Russell Fleming Senior Member (Voting Rights)

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    Looks like I erred when commenting above. We actually have well over 300 images now. This year has been so busy, I really haven't had time to properly do them justice although I have tried. I do think that everyone who has sent us their photos is incredibly brave and we're very grateful.

    We have permission to use the images on our website, social media (and magazine) to help promote M.E. awareness and really to demonstrate that M.E. can affect people of any age and from all walks of life. Some of the images also demonstrate the invisible nature of the disease, while others provide a glimpse of life for the more severely affected.

    Should we want to use the images or stories in other contexts, then we have agreed to always seek permission beforehand. I did manage to produce a gallery, taking just one image from each collection for MEAW18 and frequently use them on social media, but we're also working on new initiative for 2019.

    When John, our press officer, works on things with the general media, he always offers 'real' photos and case-studies where he can. Unfortunately, the media still often run stories using stock images for expediency I think more so than anything else. We hope next year to make a more concerted effort on this front.

    Edit: We're currently recruiting - as you know - for a social media manager and have received a good number of applications in a short space of time. So, next year we'll have more resources in place to better enable such campaigns.
     
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  15. Sly Saint

    Sly Saint Senior Member (Voting Rights)

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    Merged thread: 'Royal Photographic Society: The Invisible Illness ME (Part 1): History and Symptomology Oct 2020'

    https://rps.org/news/groups/medical/2020/me-part-1/
     
    Last edited by a moderator: Jan 26, 2022
  16. Sly Saint

    Sly Saint Senior Member (Voting Rights)

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  17. Simon M

    Simon M Senior Member (Voting Rights)

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    Merged thread

    There has been a lot of coverage of ME today with the release of the guidelines and a lot of really crummy photos illustrating articles, each one creating the impression that ME/CFS is a pretty trivial illness.

    I know there have been many attempts to tackle it on par in the past, notably the ME Association photo library. Nothing seems to have made an impact yet. My feeling is that it may be time to take a new approach. We probably need to get good quality photos that photo editors want to use into their hands (which most likely means putting them in a stock photo library with the appropriate tax).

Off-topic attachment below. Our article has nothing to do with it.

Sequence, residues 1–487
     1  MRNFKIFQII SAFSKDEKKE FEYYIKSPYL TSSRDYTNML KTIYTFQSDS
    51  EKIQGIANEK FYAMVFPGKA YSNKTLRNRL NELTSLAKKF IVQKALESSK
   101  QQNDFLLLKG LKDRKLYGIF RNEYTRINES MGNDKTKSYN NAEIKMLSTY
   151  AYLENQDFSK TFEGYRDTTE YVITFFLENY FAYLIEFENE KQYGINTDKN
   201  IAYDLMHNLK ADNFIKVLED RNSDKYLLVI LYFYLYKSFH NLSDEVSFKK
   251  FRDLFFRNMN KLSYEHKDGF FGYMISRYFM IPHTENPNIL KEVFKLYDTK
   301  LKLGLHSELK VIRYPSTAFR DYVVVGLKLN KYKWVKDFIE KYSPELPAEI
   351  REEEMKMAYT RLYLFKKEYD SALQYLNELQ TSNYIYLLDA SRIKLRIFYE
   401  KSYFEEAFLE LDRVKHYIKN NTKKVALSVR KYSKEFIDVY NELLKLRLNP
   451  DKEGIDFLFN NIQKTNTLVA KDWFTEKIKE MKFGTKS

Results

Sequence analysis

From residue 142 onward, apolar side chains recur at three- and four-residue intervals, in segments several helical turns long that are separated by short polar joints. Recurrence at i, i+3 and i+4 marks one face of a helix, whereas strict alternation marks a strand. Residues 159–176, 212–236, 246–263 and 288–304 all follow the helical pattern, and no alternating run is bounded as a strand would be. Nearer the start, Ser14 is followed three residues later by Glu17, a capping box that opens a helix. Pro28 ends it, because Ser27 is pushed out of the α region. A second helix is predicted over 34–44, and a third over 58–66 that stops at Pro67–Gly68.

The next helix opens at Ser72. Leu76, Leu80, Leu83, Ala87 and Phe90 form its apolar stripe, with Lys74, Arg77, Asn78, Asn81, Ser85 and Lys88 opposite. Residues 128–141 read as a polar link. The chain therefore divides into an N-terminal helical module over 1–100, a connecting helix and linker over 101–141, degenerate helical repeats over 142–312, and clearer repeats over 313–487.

But the first that would be to find out what photo editors want/need and what problems they are having at the moment. Otherwise, we might just end up addressing the wrong issue.

    Is anyone here is a photo editor or knows a photo editor willing to talk to give some views?

    And is anyone interested in working on a project like this? It hasn't actually got off the ground yet so everything is open.

    Thanks
     
    Last edited by a moderator: Oct 30, 2021
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  18. strategist

    strategist Senior Member (Voting Rights)

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    The usual photos of well dressed office workers who look like they're tired or have a headache aren't great.

    Not sure that using photos of very ill patients is good. They show how bad things can get but aren't representative of the average patient who could face increased disbelief because they don't look like the people with feeding tubes.

    It also makes us look like we want to persuade others that we are sick. In a sense this is true but isn't the better response to instead focus on demanding that we are believed and taken seriously regardless of what we look like.

    People with for example multiple sclerosis and diabetes can look completely normal.
     
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  19. Denise

    Denise Senior Member (Voting Rights)

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    I believe MEAction and Solve(?) each have a project underway to build a set of photos that are more appropriate.
     
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  20. Sasha

    Sasha Senior Member (Voting Rights)

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    I agree, the first step needs to be finding out how photo editors search for and use pix.

    I think we can produce all the great photos we want but if photo editors won't encounter them via the way they normally search, or those photos aren't what they need, those photos will have no effect.

    I think we need to consult photo editors first. The situation reminds me of the whole 'Nothing about me without me' scenario for patients. All these years we've been doing exactly that in relation to photo editors.

    So, does anybody know any? :)